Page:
But not just England is pondering the impact of the graphic novel. In Toronto, The Globe and Mail wants to get into the act with a list of five best graphic novels from 2012. Apparently they are SO eager to join the bandwagon that the books don’t even have to be from 2012:

By Sophokles, translated by Anne Carson,

Monkey Ranch
By Julie Bruck

Hark! A Vagrant
By Kate Beaton,

Building Stories
By Chris Ware

Are You My Mother? A Comic Drama,
by Alison Bechdel


§ And finally, in Saskatoon, Beverley Brenna goes backwards a bit by discovering that graphic novels help kids read:

Graphic novels in a variety of genres now offer reading fare alternatives to traditional narrative texts. At one time, the reading of pictures stopped at an age when juvenile picture books ceased to appeal, but now we have picture books designed for older readers, as well as visual information included in texts of all shapes and sizes. These changes aren’t bad. If our goal is to encourage wide reading for enjoyment and information, the inclusion of pictures is an asset that supports comprehension, diversifying the bait we put out to lure kids into reading.

So where are we after this literary journey? The early Aughts saw mainstream publishers jump into graphic novels without really being aware of what worked and what didn’t, with some spectacular expensive flops to show for it. Today, this slow, steady rise is a lot more solid and stable. As teacher and cartoonist Alec Longstreth said at a long ago Ignatz ceremony: “Keep making comics forever!”


  1. Really interesting way of framing this. I do think any discussion by judges over a GN’s inclusion wouldn’t be about value or artistic merit, but about the fact that comics are a different medium. It’s sort of literary, but not altogether. What I think has shifted is not seeing comics as lit, but seeing lit as comics — I think that makes sense.

  2. In most “keep comics out of our lit club” debates I’ve seen, it always strikes me that the problem would go away if each of these prizes just created a graphic novel category. Or, to flip it, clarified their rules to make it so only prose works of a certain length can qualify.

    I don’t think there are too many intelligent people left who think that a comic can’t have literary merit simply because it’s a comic; they just want their prize for novels to go to novelists, not poets, playwrights, or cartoonists.

  3. While this is all positive, encouraging news, I’m not sure that it is just now “breaking”.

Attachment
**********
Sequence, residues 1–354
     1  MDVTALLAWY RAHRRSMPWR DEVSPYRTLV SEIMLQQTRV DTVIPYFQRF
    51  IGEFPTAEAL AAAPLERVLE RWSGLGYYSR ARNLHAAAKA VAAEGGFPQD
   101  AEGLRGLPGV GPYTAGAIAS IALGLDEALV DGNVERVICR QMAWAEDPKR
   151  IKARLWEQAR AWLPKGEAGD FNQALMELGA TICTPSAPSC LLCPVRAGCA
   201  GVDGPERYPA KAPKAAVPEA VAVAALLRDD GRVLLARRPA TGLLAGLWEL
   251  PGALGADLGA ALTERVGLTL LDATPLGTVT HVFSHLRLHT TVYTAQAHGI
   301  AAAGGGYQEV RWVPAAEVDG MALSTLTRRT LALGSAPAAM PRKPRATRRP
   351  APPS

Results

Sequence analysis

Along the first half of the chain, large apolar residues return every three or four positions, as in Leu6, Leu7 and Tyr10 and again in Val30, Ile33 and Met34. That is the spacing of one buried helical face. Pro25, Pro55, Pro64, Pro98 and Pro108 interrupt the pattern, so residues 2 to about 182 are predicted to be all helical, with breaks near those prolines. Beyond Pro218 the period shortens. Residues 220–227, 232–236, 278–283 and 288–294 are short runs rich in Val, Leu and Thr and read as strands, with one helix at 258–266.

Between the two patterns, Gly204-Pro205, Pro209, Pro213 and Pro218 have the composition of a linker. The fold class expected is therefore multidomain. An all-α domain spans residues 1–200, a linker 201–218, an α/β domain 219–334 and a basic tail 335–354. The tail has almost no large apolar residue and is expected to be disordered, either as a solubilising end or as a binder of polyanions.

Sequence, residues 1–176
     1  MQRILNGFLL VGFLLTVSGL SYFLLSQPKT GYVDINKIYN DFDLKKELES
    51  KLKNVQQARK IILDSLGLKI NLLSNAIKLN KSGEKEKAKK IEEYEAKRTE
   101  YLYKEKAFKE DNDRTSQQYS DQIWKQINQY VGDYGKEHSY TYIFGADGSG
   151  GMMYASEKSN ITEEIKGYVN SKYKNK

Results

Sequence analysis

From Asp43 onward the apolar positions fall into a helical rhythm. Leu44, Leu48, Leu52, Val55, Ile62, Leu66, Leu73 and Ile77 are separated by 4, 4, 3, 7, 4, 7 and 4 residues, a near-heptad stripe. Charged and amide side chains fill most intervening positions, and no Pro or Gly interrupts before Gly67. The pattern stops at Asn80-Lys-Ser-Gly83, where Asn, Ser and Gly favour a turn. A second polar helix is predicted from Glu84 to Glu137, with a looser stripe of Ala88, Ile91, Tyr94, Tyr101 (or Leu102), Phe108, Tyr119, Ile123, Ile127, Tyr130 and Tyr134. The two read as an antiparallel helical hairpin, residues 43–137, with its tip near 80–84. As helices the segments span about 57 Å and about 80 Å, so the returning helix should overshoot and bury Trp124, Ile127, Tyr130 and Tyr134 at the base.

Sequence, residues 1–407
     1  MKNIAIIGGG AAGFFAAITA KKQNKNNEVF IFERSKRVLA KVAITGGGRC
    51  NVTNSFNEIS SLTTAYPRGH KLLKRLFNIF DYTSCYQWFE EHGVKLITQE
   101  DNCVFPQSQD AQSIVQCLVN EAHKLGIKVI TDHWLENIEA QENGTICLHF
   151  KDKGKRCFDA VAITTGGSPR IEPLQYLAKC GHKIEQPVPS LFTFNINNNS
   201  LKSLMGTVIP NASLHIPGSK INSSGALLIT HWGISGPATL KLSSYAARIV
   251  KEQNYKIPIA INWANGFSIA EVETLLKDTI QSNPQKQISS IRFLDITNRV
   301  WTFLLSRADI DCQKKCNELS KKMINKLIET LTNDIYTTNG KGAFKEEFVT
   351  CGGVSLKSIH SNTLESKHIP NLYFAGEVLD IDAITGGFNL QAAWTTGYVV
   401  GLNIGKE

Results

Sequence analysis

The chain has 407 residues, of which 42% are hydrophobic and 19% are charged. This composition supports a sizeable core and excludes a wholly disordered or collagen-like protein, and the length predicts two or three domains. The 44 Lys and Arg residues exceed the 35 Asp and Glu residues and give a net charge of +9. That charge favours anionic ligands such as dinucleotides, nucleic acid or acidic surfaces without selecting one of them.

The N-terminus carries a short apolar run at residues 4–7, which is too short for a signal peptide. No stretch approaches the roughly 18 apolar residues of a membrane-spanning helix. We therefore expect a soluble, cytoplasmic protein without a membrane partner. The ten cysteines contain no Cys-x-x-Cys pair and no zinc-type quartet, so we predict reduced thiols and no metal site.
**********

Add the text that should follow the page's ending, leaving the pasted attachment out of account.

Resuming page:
Watchmen and Sandman won Hugo Awards HOW many years ago…? Tons of adults in 1993 cared about the Death of Superman, even from a NON-speculator standpoint. The general public doesn’t hate comics, they just don’t USUALLY care about them.

    This whole continued “comics aren’t for kids anymore!” thing, even from our perspective, just seems very very retrograde at this point. Do we still even need to frame the argument this way anymore? There isn’t really an argument.

  4. I genuinely don’t believe that academic awareness and public awareness of comics are the same thing. Things that gain approval from academia. from what I’ve seen, tend to be things that aren’t popular with the public anymore, such as classical music, the blues, and jazz.

    Even the Fine Arts used to be commercially viable, when rich people used to commission art often.
    Academia , from what I’ve seen, revels in dead things. Dead animals, dead cultures, dead people, and dead art-forms.

    The title of this article would be more accurate if it discussed a growing number of people within MTV’s target demographics reading comics in a social setting or something.

  5. I find it ironic you post about the general public not being into dead things and then reference MTV as if it were still relevant.

  6. Which literary awards are inclusive (that is, novels, short stories, poetry are all considered) and which have separate categories (like the Pulitzers)?

    Both the Stoker and Hugo Awards have graphic novel or illustrated categories.

    The Nobel is for a body of work, and at least one laureate has written a graphic novel (Doris Lessing).

    The National Book Award shortlisted a graphic novel (American Born Chinese). The same book won the Printz Award, for best young adult novel.

    Watchmen won the Hugo for “other forms” a one-time category created by the host convention.

    The Eisners do award prose books… usually historical treatises about comics. (Best Educational/Academic Work)

    In France, have many BD been nominated for general literary awards? What about Japan?

  7. http://www.thehugoawards.org/hugo-history/1998-hugo-awards-2/
    Other Forms
    Watchmen by Alan Moore and Dave Gibbons [DC/Warner, 1987]
    Wild Cards by George R. R. Martin [Bantam Spectra, 1987]
    I, Robot: The Movie by Harlan Ellison [Asimov’s Nov,Dec,mid-Dec 1987]
    The Essential Ellison: A 35-Year Retrospective by Harlan Ellison, Terry Dowling, Richard Delap and Gil Lamont [Nemo Press, 1987]
    Cvltvre Made Stvpid by Tom Weller [Houghton Mifflin, 1987]

    In 2009, the host convention did something similar, including a “graphic story” category, which was made permanent in 2010.

  8. The Newbery is only one award, specifically for the best novel for young readers. The American Library Association does create many awards, for specific audiences and formats. GN inclusion for the Newbery has been discussed.

    Librarians are at the front line of literacy… they have already given many “regular” awards to graphic novels:
    Printz Award
    Scott O’Dell Award
    Geisel Award (Toon Books almost swept that year!)

    And then there’s this: